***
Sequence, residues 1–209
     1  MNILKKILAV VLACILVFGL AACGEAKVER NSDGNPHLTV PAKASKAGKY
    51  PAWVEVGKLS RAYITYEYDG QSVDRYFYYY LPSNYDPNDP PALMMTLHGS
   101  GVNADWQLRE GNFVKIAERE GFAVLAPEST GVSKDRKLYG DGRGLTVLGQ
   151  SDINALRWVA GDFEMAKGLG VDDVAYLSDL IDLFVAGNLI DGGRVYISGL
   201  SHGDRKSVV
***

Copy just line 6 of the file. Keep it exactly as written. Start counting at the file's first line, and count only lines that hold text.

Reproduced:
   201  SHGDRKSVV